Earlier this week we saw Amena Khan, Muslim youtuber and influencer, grace the latest L’Oreal hair campaign alongside other influencers. The campaign saw a range of influencers in the advert including model Neelam Gill, Dougie Pointer from McFly, and blogger Megan Ellaby. Amena Khan stars in the campaign, talking about how even though she wears a hijab, she still cares about looking after her hair.
The campaign is has been reported about in several outlets and hailed as “Revolutionary”, “Historic”, “Game Changing”, “barrier-breaking” and Amena has been hailed for “Breaking Stereotypes.”
My phone has been buzzing with messages since the campaign went live. The amount of support has been overwhelming ???????? From the bottom of my heart, thank you to everyone who has sent even a nugget of positivity our way!!! #allworthit ⠀⠀⠀⠀ ⠀⠀⠀⠀⠀⠀⠀⠀⠀ ⠀⠀⠀⠀⠀ ⠀⠀⠀⠀⠀⠀⠀⠀⠀ #Repost @osaama_official ・・・ Congratulations babe @amenaofficial She made me believe the impossible is possible. #loreal @elleuk @britishvogue @glamourmag @huffpost @thisisinsider @refinery29 @emirateswoman @voguearabia @popsugarbeauty @lorealhair
A post shared by Amena (@amenaofficial) on
That was until today when Amena Khan realised a statement on her social media platforms announcing she would be stepping down from the campaign following the surfacing of tweets from 2014 about Israel.
100’s of followers and critics have commented on the situation including prominent influencer Dina Tokio:
“I don’t think u should step down! You can’t have an opinion now?? Those tweets or opinions did NOT make you ‘anti Semitic’ whatsoever. You are a well articulated woman and anyone with sense can see that . It’s funny I wonder if your tweets were the opposite opinion would you have been targeted like this?! it’s actually shit that you’ve been made to feel like this from whatever pressures you’ve faced, we support you ???????? stand for what is moral and right ✌???? peace and hugs your way ✌????”
– Dina Tokio, Instagram comment
Many have shown solidarity and support in Amena’s original tweets, others have shown disappointment in her apology and there have also been comments about L’Oreal and their integrity in representing minorities.
I don’t see problem. Half those settlements are illegal under international law and treaty????????♀️ https://t.co/dcksZlE0ga
— Never Went to Oovoo Javer (@AnotherNerd4) January 22, 2018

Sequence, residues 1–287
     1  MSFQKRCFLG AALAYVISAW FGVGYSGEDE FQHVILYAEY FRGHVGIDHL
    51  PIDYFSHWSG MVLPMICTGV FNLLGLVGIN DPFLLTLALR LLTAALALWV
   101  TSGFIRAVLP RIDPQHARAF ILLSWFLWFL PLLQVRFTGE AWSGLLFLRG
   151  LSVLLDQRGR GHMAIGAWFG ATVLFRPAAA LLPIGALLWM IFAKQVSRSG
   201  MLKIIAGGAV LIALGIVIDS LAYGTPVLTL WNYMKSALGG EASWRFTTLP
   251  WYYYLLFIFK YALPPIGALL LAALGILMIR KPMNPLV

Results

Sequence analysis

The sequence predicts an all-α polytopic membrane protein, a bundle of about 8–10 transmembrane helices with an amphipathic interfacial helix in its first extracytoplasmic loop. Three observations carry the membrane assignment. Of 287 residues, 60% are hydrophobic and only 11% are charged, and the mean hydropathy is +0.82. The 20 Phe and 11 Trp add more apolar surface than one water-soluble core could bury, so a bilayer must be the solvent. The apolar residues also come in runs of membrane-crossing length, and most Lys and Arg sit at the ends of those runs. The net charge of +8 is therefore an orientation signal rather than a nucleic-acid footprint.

The big (and somewhat disappointing) difference is that Munroe said what she said. https://t.co/tvHGNbgBMJ
— che (@frenchsaiai) January 22, 2018
This situation vindicates why I don't share strong political views online https://t.co/YYSdkJyHnj
— મારીયા (@Maariyah05) January 22, 2018
What we tweet/post/like/comment will always be dug up from the past and used against us even if it was perfectly agreeable at that time.
As Muslims, especially public figures – this is just 1 example of how threatening it is for us to even comment on a humanitarian crisis. https://t.co/jpJklLXkqZ
— MaƦiyah (@mariyahzaman) January 22, 2018
Criticising Israel is not grounds for being forced to step down. For those who don't know… Criticising Israel is not the same as being Anti Semitic https://t.co/Ztmti6t0MG
— … (@King_Che_W) January 22, 2018
Sad to see @amenaofficial step down from Loreal role over old tweets. Regardless of your thoughts on her appearing in the ad, it was much needed representation that I think goes a long way to "normalise" hijab in everyday context https://t.co/ktpsL4wwH4
— Maaiysa (@Maaiysa) January 22, 2018
We have to ask why it's OK for us to have spokeswomen like @galgadot for @revlon, who use their platform to express support for Israel's military against Palestinian women, while we take down spokeswomen like Amena for their vocal support of Palestinian women, children, & people.
— Amani (@xoamani) January 22, 2018
I fail too see the alleged offence caused by any of her tweets, the single tweet about pharaoh may be questionable by some. However, the subsequent apology and stepping down is both unnecessary & insulting to the Palestinian people and their plight. She should have stood firm https://t.co/gIR8sPPHjz
— Tobias- inconspicuous black person (@Whytrustme) January 22, 2018
Her apology shows me that she no longer cares for the Palestinians that are being illegally occupied by Israel & being brutalized… L'Oreal has always been a horrible brand… https://t.co/yJ9RNf4Qhn
— U ???? (@SnowDesi) January 22, 2018
A British Muslim woman has been hounded out from an ad campaign for being critical of Israel. So criticising countries is racist now?
Where are those defenders of free speech now? ????https://t.co/7Vglcb7nDs
— Sunny Hundal (@sunny_hundal) January 22, 2018
This is why I am so critical abt these tokenistic attempts at diversity and inclusion. These Muslim influencers partner w companies tht they know oppress other Muslims.
Don’t call yourself a representative for our community if you’re willing to sell out our ummah for capitalism.
— eemi (@eemanabbasi) January 22, 2018